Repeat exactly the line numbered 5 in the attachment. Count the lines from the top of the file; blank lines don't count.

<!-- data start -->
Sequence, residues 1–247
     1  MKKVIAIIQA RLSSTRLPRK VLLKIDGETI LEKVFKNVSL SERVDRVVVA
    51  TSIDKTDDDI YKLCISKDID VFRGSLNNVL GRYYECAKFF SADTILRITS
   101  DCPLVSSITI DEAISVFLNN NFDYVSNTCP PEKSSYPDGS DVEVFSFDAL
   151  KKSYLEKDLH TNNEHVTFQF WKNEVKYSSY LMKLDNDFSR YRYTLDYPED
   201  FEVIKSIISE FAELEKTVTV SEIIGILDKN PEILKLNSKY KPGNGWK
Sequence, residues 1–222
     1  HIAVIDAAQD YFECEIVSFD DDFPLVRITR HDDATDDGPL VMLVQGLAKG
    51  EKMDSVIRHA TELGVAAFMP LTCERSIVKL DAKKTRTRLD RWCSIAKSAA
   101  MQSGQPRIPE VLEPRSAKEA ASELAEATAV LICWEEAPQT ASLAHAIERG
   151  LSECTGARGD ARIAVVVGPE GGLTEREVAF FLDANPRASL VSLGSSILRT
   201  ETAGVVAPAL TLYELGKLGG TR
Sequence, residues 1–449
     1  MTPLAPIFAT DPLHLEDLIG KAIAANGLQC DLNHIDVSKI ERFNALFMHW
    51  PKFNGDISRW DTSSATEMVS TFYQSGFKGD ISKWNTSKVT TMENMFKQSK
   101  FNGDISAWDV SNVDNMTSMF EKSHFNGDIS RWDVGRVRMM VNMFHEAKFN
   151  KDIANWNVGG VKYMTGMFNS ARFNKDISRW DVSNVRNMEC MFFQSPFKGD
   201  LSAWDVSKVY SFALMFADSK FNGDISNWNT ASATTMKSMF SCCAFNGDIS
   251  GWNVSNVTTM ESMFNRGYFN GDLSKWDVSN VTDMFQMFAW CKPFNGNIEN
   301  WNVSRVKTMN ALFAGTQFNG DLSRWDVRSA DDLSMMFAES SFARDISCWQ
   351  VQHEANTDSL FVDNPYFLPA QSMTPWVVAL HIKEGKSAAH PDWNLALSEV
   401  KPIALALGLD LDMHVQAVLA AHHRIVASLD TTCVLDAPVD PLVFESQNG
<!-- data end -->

   151  KKSYLEKDLH TNNEHVTFQF WKNEVKYSSY LMKLDNDFSR YRYTLDYPED